Horrible Bosses" wallows in silliness -- gleefully, and without an ounce of remorse or self-consciousness -- and even though you are a grown-up and you know you should know better, you will be happy to wallow right along, as well.
Movies where humans and animals converse are a bad idea in principle, and Kevin James' "Zookeeper" is not here to prove that interspecies ensembles have simply been a misunderstood, underappreciated subgenre.
Telephone and Internet frauds are so pervasive in Taiwan that people have become numb and indifferent to such illegal activities. Yet, "Formosa Mambo" (寶島漫波) draws attention to this social problem in a brilliantly entertaining way.
The charming 1938 children's book "Mr. Popper's Penguins," by Richard and Florence Atwater and with wonderful illustrations by Robert Lawson, ends with a "No, thank you" to Hollywood.
It's hard to imagine a more half-assed attempt at cashing in a second time than "The Hangover Part II."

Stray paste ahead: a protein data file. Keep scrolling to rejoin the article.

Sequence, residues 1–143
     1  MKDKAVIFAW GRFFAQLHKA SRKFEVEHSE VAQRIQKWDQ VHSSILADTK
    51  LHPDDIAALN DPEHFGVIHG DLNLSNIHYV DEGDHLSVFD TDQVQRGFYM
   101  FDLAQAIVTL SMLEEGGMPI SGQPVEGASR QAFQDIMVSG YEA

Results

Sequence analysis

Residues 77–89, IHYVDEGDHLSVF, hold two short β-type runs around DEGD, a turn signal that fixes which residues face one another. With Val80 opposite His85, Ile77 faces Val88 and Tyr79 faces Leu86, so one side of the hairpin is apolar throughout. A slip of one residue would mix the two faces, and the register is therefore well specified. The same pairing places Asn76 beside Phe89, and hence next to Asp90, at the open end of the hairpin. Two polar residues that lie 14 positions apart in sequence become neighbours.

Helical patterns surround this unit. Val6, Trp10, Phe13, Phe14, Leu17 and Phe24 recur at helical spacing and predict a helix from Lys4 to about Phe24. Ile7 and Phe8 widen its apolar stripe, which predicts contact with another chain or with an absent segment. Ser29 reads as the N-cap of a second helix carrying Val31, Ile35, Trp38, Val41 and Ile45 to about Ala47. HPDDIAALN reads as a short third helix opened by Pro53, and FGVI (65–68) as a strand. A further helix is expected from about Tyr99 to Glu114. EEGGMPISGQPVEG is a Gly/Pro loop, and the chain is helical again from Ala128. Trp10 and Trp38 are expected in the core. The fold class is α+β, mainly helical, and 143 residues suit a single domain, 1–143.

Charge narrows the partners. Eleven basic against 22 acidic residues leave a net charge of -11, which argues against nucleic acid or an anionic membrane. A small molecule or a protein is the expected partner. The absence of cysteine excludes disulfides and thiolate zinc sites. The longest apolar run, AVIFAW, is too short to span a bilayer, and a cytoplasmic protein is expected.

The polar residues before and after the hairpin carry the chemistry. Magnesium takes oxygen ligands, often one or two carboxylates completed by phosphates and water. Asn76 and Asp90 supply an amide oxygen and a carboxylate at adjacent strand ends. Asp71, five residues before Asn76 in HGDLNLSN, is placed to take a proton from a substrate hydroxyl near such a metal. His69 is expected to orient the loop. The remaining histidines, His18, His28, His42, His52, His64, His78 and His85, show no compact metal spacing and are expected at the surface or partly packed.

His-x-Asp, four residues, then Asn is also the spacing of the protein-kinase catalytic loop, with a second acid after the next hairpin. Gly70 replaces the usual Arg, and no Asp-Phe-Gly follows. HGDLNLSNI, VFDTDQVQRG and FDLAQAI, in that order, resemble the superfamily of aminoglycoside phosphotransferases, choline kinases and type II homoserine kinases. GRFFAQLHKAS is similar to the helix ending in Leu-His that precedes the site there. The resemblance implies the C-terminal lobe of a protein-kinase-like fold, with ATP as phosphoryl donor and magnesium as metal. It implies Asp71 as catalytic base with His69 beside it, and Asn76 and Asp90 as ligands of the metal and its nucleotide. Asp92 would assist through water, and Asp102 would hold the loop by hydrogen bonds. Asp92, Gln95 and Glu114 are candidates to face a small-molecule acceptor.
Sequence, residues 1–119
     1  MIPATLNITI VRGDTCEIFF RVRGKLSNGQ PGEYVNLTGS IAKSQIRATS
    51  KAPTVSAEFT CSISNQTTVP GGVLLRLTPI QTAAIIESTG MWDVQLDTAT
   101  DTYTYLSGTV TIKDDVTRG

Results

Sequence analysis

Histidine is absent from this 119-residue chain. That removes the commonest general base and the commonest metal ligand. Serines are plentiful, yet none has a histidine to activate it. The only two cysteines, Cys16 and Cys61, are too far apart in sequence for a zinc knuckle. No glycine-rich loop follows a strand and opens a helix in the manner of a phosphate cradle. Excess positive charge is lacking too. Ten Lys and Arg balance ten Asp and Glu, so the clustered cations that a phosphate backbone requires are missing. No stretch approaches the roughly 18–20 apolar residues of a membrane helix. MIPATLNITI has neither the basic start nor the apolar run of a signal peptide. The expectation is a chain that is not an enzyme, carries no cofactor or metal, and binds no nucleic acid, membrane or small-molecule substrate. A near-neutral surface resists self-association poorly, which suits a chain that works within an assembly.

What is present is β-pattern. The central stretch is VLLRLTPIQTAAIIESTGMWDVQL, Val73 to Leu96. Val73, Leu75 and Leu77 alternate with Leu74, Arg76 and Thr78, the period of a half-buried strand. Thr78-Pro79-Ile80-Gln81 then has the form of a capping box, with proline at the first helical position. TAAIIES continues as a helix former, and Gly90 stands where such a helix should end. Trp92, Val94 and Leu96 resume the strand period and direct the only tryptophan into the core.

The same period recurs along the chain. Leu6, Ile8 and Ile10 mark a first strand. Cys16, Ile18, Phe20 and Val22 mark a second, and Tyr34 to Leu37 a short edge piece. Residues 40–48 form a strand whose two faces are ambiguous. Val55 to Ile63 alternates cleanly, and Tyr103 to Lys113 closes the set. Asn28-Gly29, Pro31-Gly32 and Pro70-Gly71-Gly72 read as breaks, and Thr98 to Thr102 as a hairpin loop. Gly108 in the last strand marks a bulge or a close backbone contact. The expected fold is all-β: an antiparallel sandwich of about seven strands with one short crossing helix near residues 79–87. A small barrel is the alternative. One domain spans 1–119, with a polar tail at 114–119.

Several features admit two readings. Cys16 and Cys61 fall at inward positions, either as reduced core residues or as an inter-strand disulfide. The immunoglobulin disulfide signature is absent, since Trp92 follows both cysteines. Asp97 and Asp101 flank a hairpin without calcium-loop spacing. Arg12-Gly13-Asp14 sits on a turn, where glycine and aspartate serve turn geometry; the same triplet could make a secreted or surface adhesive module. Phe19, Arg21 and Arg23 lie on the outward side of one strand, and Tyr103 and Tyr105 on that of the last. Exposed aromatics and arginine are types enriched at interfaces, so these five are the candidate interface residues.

Swedish musical crime-comedy Sound of Noise (噪反城市) is a satire of the crime genre and the classical musical establishment about a group of musicians who terrorize the city of Malmö with a series of musical crimes.
The poster asks, "What if a little lie kept getting bigger?" More like, "What if the people telling the little lie kept getting dumber?"
"No Strings Attached" begins with an intriguing premise: A guy and a girl agree to have sex wherever they want, whenever they want, without all those pesky emotions getting in the way.
"Morning Glory," about a sunny network morning television show, feels like ... well, a sunny, network television morning show. It is glossy, moves quickly enough and has a few enjoyable personalities.
The really annoying thing about Jack Black's "Gulliver's Travels" is not so much that it's a bad movie -- it is bad, but only run-of-the-mill bad, not epic-misfire bad -- but that the movie sullies a piece of literature that has endured for nearly 300 years for the sake of a cheap kiddie flick that'll be forgotten in a month.